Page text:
1) What does the sound of the heart represent?
A: the “LUB” “DUB” sounds refer to the different valves opening and closing. Lub is the sound heard when the valves that lead into the ventricles close at the same time when blood leaves each atrium. The right valve is called the Tricuspid Valve ( three flaps) and the left valve is called the Bicuspid (two flaps) or mitral valve. The DUB sound is the semilunar valves (Aortic and Pulmonary) closing as blood leaves the ventricles.
2) Why is good blood pressure said to be 120/80 mmhg?
A: Systolic Pressure is the top number (120) and is the amount of pressure in the aorta when the ventricle releases the blood into it. A low systolic pressure means the heart does not pump hard enough and there may be a problem with the muscles around the ventricles. Diastolic Pressure is the bottom number and measures how much pressure is exerted on the aorta when the left ventricle is closed, ie just before the quick increase in pressure due to blood rushing out of the ventricle. This is found to be about 80 mmHg and is lower because the semilunar valve is closed for that short period of time. If this number is high then it could mean many things but one could be that you have a problem with your aortic semilunar valve which actually causes the blood to leak out at the wrong times which would account for the increase in pressure. If either of these numbers are low it means your heart is probably not strong enough. If these numbers are too high it may mean that you have a block in the heart or artery somewhere meaning the heart actually has to work harder to get the same amount of blood to the rest of the body.
3) What is the best way to prevent blocking of arteries?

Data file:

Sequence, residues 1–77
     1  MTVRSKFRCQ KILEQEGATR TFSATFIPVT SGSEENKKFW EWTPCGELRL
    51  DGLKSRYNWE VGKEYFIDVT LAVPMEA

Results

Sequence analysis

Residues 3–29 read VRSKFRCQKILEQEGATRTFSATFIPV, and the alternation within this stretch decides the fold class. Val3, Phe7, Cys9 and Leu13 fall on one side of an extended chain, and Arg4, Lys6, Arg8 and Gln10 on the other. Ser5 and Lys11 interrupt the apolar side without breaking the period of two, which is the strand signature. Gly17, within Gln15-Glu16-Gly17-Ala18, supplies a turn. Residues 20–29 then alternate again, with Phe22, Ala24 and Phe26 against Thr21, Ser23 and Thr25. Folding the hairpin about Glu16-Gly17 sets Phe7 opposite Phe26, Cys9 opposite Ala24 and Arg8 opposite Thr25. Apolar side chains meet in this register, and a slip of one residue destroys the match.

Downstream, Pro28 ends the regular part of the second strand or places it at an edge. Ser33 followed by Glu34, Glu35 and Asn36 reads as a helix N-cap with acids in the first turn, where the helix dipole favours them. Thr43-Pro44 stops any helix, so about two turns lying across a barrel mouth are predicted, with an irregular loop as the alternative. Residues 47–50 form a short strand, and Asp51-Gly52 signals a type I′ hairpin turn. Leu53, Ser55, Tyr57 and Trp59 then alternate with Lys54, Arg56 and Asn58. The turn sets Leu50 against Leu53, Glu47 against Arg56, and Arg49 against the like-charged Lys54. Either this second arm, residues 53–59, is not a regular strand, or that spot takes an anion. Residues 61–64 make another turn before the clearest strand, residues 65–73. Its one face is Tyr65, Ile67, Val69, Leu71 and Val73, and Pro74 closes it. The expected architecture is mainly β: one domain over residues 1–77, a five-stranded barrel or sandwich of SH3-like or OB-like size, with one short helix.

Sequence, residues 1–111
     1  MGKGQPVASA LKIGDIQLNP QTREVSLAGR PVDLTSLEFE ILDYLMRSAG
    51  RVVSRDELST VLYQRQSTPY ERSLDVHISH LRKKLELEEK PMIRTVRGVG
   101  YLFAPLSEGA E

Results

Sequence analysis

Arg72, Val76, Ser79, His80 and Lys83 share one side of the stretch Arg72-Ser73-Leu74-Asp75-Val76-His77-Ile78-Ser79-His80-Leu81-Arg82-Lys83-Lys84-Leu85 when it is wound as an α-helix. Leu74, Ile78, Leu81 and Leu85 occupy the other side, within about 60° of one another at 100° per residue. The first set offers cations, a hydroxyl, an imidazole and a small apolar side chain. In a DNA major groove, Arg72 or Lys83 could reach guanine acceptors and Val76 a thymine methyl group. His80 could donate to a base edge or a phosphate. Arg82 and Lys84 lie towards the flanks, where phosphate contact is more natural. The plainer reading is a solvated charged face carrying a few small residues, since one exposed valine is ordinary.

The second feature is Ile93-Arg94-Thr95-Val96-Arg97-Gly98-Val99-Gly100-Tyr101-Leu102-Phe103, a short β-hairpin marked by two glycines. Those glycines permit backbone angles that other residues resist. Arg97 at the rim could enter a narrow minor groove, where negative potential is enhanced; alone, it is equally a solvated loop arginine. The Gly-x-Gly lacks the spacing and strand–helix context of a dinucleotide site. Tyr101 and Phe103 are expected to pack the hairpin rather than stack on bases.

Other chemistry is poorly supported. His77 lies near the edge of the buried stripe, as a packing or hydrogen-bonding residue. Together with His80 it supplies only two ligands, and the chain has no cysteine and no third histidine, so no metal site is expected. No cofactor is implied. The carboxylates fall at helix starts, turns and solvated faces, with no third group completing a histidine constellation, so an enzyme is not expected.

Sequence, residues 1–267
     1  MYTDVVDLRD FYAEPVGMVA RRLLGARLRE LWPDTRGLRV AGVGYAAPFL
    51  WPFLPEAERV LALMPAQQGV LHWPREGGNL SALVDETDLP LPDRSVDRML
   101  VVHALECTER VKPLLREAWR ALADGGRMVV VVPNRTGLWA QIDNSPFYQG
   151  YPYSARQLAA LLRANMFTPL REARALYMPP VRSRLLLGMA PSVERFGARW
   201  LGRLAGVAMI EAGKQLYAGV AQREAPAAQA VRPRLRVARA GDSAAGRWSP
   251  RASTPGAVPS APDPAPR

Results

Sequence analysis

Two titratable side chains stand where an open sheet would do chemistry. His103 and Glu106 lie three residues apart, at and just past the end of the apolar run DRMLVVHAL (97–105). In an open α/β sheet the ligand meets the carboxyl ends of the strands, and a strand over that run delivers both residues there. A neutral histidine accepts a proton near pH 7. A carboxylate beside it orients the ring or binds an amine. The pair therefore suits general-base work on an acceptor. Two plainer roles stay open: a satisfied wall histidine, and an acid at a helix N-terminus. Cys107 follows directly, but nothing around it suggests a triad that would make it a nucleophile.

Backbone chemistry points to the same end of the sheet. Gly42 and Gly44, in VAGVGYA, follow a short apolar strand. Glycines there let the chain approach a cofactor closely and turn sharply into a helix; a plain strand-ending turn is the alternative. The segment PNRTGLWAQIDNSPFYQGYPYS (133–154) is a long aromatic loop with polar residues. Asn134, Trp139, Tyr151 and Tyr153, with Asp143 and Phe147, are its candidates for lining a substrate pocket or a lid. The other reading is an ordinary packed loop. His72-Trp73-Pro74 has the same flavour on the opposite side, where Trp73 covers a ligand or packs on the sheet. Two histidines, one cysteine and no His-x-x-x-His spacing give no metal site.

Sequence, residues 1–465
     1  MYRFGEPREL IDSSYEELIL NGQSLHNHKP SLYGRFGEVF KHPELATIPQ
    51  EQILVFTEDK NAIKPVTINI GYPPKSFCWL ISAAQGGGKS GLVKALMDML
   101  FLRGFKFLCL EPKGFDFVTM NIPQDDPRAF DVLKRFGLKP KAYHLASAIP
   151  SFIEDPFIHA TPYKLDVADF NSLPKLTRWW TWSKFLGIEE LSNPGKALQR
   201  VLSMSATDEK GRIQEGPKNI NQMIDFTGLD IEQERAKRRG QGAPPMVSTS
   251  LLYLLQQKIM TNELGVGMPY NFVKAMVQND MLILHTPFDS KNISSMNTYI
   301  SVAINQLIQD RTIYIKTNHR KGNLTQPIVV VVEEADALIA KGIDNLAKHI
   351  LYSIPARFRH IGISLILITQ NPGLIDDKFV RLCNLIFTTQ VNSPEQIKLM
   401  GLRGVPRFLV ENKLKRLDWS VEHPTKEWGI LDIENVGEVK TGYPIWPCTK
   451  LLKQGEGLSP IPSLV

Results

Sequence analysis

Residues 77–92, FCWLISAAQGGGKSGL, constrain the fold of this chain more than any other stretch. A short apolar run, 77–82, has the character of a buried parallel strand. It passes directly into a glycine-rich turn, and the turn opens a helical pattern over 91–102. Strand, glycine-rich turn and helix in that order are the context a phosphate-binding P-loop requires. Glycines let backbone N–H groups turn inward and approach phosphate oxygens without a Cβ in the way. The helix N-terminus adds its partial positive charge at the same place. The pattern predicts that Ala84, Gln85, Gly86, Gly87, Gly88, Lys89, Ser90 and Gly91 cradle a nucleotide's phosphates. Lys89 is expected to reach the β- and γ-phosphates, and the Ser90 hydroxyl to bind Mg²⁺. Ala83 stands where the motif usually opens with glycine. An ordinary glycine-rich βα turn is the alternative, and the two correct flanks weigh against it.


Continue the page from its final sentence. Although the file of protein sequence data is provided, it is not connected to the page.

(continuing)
A: EXERCISE!!! Yes diet is a huge factor but cholesterol is broken down with exercise. If you exercise like a maniac then it really does not matter what you eat. You will break down all build ups before they affect you. As long as you get a appropriate amount of vitamins and hit up every food group regularly then the “extra” Popeyes or dairy queen wont hurt your heart. By exercising you actually increase the thickness of the ventricles which is called left ventricular hypertrophy (LVH) and the blood will be pushed out of the heart quick enough that nothing has time to build up on the walls of your arteries. There are also proteins that are released that aid in this but that’s for a different article.
4) What does an AED do?
A: the AED sends a shock to the SA node and restarts it kind of how you shut down and computer and restart it. It happens very quickly and re balances the out of control signals of the heart. It does not always work however
So there it is, the basics of the heart. I will be going into further detail about heart conditions and ECG readings and strength and conditioning applications later. The picture above is very common and you should know it well. In later articles I will dissect this concept and show you why it matter. Enough for one day I think :)
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Greg V Roe.